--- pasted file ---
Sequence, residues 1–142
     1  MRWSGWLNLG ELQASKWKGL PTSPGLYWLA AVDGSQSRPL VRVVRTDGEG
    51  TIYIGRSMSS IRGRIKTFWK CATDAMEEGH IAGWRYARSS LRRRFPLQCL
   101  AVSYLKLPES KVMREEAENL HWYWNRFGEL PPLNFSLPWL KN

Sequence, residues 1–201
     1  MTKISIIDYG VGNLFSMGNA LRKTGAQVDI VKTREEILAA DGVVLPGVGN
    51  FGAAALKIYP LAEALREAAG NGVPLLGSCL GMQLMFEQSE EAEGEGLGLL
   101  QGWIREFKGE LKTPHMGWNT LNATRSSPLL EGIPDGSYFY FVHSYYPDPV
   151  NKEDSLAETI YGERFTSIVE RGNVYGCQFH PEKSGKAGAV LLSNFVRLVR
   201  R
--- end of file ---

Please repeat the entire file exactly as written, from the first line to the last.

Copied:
Sequence, residues 1–142
     1  MRWSGWLNLG ELQASKWKGL PTSPGLYWLA AVDGSQSRPL VRVVRTDGEG
    51  TIYIGRSMSS IRGRIKTFWK CATDAMEEGH IAGWRYARSS LRRRFPLQCL
   101  AVSYLKLPES KVMREEAENL HWYWNRFGEL PPLNFSLPWL KN

Sequence, residues 1–201
     1  MTKISIIDYG VGNLFSMGNA LRKTGAQVDI VKTREEILAA DGVVLPGVGN
    51  FGAAALKIYP LAEALREAAG NGVPLLGSCL GMQLMFEQSE EAEGEGLGLL
   101  QGWIREFKGE LKTPHMGWNT LNATRSSPLL EGIPDGSYFY FVHSYYPDPV
   151  NKEDSLAETI YGERFTSIVE RGNVYGCQFH PEKSGKAGAV LLSNFVRLVR
   201  R